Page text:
While North Africa used to have little significance in Indonesia’s foreign policy, this seems not to be the case anymore. As I wrote earlier this year, there is a growing propensity among policymakers in Jakarta to pursue stronger relationships with North African countries.
Indonesian Foreign Minister Retno Marsudi’s recent visit to Tunisia exemplifies this growing phenomenon. The primary purpose of Marsudi’s visit was not only to stimulate trade and investment between the two countries, but also to expand ties to different fields, including education and counterterrorism.
As with other North African countries, contact between Indonesia and Tunisia is not new. In fact, it began before Tunisia even gained independence from France in 1956. Tunisia’s freedom fighter, Habib Bourguiba, visited Jakarta in 1951. The trip resulted in the establishment of a representative office for Tunisia’s independence in 1952, which was dedicated to lobbying Asian countries for support in Tunisia’s struggle for independence.Enjoying this article? Click here to subscribe for full access. Just $5 a month.
Indonesia’s support for Tunisian independence led the two countries to have a strong relationship even to this day. In 1960, Indonesia opened its embassy in Tunisia, while in 1987 the latter launched its diplomatic mission in Jakarta. On the political front, relations have strengthened with frequent high-level visits among politicians and diplomats, facilitated by Tunisia’s decision to grant visa-free entry for Indonesians with diplomatic passports.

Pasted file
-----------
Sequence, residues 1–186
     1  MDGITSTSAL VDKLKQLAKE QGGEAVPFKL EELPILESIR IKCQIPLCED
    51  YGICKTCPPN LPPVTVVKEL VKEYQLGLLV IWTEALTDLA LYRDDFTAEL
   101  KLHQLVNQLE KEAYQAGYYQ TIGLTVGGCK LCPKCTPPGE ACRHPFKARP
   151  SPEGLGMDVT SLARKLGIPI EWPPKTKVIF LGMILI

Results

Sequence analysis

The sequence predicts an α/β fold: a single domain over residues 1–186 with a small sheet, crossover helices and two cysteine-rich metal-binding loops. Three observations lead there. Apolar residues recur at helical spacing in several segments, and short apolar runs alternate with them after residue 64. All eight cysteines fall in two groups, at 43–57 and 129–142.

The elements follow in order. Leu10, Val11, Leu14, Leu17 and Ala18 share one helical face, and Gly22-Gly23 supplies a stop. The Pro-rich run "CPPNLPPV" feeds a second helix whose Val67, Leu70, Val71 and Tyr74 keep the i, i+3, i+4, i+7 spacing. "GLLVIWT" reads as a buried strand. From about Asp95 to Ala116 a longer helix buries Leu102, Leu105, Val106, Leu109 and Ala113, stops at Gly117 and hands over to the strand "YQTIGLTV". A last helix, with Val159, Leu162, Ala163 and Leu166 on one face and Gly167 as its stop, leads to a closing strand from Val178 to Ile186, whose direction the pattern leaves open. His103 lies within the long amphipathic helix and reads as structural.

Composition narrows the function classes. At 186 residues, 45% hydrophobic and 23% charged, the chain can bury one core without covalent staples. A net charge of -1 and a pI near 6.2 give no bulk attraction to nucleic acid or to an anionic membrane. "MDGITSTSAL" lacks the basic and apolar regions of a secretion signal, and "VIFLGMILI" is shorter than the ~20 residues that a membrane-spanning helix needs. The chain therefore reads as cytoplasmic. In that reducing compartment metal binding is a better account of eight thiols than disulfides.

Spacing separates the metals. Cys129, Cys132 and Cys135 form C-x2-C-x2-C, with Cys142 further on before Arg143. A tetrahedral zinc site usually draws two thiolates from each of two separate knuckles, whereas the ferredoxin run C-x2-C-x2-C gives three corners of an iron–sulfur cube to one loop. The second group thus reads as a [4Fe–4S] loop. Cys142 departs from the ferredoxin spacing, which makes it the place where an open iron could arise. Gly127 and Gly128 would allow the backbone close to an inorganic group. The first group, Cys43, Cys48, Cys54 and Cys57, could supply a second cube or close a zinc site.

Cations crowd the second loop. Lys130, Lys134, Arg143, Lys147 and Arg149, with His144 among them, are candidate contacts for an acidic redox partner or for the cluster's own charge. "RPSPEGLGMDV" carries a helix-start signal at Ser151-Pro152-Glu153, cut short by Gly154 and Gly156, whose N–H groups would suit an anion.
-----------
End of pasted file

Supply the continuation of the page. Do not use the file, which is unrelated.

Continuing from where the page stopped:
These ties have been supported by the participation of the two governments in multilateral platforms such as the Organization of Islamic Countries (OIC) and Non-Aligned Movement.
As an exemplification of the robust political ties, Indonesia and Tunisia have expressed their support of one another in global fora. For instance, Tunisia supported the nomination of Indonesia to the UN Industrial Development Council (UNIDO) and the International Maritime Organization Council Category C. On the other hand, the government in Jakarta offered its support for Tunisia’s nomination in the Council of the United Nations Food and Agriculture Organization (FAO) and the Inter-governmental Committee for Physical Education and Sport (IGCPES).